Genetically Modified Fruit Flies May Stop Crop Destruction
Genetically Modified Fruit Flies May Stop Crop Destruction

Genetically Modified Fruit Flies May Stop Crop Destruction

August 15, 2014

No one hates fruit flies more than farmers.

 

Just last year, Napa’s olive crops were destroyed by the pests, costing many farmers much if not all their crop. This year, Australia’s farmers felt a hit, as the flies caused a $300 million market loss. But now, scientists think they have a solution to end the pests’ destruction, and it doesn’t start with fewer fruit flies; just different sexes.

 

Currently, various methods like insecticides, baited traps, and the Sterile Insect Technique (SIT) are used to control fruit flies. But there may soon be a new method on the market. Scientists from the University of East Anglia and Oxitec Ltd. say that they have genetically engineered male flies to only produce male offspring, which could be used to effectively suppress fruit fly populations.

 

“Of all of the current techniques used to control these flies, SIT is considered the most environmentally friendly as it uses sterile males to interrupt matings between wild males and females,” said researcher Dr. Philip Leftwich. “The down side is that these males don’t tend to mate as well in the wild because the irradiation method used for sterilisation weakens them. Our research looked at whether releasing Oxitec flies, which are genetically engineered so that only male fly offspring survive, could provide a better alternative.”

 

This kind of male-modification might be a “better” alternative, according to Leftwich, because there is no radiation needed to sterilize the pests before release, making them “healthier” flies.


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The Oxitec method–works by introducing a female-specific gene into the flies, and this stops development before the female reaches its reproductive stage. Populations of healthy males and females can be produced by adding a chemical repressor, which when absent in the genetically engineered diet, only males survive. If these surviving males are released, mate with local wild pest females, and pass the female specific self-limiting trait on, there will be no viable female offspring.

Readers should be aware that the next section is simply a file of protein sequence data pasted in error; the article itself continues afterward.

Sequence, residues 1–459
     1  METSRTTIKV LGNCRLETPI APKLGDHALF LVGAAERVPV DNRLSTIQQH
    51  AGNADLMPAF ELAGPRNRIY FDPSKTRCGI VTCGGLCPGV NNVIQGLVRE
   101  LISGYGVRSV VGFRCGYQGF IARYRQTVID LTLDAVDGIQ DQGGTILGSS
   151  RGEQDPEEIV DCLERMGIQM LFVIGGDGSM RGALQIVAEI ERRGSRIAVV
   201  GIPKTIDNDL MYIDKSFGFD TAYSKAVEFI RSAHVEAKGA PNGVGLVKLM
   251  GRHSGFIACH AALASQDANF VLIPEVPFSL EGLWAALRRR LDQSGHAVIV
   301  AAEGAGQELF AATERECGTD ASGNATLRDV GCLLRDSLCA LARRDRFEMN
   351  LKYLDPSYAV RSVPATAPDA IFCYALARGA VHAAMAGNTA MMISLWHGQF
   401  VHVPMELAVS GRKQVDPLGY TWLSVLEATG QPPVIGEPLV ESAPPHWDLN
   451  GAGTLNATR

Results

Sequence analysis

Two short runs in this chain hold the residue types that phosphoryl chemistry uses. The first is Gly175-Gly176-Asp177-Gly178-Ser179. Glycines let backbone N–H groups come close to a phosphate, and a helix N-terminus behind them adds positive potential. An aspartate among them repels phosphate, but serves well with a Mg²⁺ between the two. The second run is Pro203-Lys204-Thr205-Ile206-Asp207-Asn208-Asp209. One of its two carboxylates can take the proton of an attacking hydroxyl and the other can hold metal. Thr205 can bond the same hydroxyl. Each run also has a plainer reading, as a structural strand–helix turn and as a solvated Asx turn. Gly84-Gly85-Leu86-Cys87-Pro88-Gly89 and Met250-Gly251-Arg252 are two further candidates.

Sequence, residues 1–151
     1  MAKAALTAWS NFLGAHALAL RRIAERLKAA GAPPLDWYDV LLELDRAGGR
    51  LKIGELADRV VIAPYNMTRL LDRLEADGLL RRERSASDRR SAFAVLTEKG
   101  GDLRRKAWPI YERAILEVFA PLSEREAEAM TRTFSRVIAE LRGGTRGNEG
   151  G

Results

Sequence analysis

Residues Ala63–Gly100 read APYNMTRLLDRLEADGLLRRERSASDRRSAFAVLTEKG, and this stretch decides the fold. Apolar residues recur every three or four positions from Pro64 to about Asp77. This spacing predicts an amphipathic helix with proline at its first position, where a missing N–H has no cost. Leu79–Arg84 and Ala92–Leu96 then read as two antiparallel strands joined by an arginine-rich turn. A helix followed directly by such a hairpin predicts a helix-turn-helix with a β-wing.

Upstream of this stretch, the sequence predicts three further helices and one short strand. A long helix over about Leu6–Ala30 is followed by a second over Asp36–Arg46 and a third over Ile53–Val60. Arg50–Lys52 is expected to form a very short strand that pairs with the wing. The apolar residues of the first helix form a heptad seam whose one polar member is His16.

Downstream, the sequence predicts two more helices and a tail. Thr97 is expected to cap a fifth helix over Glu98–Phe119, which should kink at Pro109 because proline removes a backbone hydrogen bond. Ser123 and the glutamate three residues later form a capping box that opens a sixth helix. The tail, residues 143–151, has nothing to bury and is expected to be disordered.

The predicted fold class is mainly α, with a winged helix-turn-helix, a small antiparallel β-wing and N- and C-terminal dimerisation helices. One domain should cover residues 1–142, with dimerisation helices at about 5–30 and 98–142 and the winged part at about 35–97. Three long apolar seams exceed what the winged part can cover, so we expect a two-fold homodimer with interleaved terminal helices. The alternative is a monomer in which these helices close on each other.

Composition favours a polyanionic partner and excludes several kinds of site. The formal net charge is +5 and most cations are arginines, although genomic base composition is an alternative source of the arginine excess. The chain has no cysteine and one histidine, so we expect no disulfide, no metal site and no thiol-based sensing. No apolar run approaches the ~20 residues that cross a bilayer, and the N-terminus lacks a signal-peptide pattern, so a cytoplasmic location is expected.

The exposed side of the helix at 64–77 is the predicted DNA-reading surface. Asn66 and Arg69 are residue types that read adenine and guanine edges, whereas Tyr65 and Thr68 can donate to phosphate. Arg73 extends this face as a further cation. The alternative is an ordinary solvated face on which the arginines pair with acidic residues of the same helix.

Testing the method with the Mediterranean fruit fly, a pest that gorges itself on more than 300 types of fruits, veggies and nuts, the scientists released the modified male flies into eight-meter greenhouses with lemon trees. The scientists saw a “rapid population collapse” in the closed system.

 

“This method presents a cheap and effective alternative to irradiation,” said Leftwich. “We believe this is a promising new tool to deal with insects which is both environmentally friendly and effective.”

 

The next step of the research will be to conduct trials in open-field studies, which await approval.

 

If you have any news, insights to share, would like to pitch guest posts, commentaries or white papers, drop us a line at cori@agfunder.com.

FEATURED PHOTO: siamesepuppy/Flickr

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